> name is Torsten. What's your name?". On the other hand: whenever I want to
    > write an sophisticated article - I get stuck. While I can look up individual
    > words, I missing the proper phrases. Phrases are hard to teach. (And btw:
    > hard to search for) You need to have proper conversations to learn them.
    > What is so particular frustrating is that I am fluent in all these other
    > languages. This makes hitting the wall when writing in French even more
    > frustrating.

    I agree with this, and I think a lot of people end up getting stuck at
    this intermediate stage. Apple has a great "dictionary" and they have
    decent "My name is Bob" material. They have little quality material in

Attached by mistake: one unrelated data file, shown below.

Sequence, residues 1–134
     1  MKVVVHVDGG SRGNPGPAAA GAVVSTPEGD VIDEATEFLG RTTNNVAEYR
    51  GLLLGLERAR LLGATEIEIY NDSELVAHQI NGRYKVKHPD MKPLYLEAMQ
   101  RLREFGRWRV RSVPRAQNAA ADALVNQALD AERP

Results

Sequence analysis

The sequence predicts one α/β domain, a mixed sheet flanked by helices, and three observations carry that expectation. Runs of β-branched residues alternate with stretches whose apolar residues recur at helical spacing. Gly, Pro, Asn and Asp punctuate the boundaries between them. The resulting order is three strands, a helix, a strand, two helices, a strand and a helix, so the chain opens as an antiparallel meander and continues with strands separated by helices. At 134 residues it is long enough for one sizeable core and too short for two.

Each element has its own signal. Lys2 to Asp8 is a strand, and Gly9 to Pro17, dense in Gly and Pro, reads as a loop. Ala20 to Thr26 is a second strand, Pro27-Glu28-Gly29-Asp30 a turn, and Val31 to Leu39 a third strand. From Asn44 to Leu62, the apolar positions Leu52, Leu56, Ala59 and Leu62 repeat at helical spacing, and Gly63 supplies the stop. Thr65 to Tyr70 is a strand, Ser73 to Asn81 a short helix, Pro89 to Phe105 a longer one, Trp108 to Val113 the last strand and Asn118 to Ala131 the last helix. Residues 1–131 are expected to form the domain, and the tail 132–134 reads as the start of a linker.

the middle. This is where the books fill in. Personally speaking I
    spent a lot of time at this middle stage before finally graduating,
    mostly through sheer force of will.

    There's definitely room for improvement here. My only point is that
    the NSString class documentation is the wrong place for it to happen.

    Mike
  • > I agree with this, and I think a lot of people end up getting stuck at
    > this intermediate stage. Apple has a great "dictionary" and they have
    > decent "My name is Bob" material. They have little quality material in
    > the middle. This is where the books fill in. Personally speaking I
    > spent a lot of time at this middle stage before finally graduating,
    > mostly through sheer force of will.
    >
    > There's definitely room for improvement here. My only point is that